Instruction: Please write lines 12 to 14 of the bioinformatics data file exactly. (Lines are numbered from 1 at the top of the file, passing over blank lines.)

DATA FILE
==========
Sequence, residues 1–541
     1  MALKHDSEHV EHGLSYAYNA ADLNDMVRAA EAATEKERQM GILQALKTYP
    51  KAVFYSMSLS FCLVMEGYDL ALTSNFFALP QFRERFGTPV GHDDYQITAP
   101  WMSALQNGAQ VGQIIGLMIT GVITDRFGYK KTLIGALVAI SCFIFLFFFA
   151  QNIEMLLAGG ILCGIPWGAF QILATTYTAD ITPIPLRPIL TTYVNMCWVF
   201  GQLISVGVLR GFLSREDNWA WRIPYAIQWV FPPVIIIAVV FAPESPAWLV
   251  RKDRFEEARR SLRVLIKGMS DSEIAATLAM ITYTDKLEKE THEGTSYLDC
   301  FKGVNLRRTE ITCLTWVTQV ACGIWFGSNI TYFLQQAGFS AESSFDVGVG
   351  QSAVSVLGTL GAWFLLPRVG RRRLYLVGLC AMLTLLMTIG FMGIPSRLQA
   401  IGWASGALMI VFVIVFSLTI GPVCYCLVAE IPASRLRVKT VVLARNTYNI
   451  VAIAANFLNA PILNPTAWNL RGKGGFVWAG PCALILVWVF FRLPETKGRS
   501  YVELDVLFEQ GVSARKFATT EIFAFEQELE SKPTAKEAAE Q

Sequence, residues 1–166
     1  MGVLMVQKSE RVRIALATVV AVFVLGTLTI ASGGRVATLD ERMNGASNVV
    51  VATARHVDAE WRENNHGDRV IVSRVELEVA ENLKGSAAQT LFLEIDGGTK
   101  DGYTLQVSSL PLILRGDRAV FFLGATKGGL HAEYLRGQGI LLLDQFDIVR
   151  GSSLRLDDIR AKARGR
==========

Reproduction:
   501  YVELDVLFEQ GVSARKFATT EIFAFEQELE SKPTAKEAAE Q

Sequence, residues 1–166
     1  MGVLMVQKSE RVRIALATVV AVFVLGTLTI ASGGRVATLD ERMNGASNVV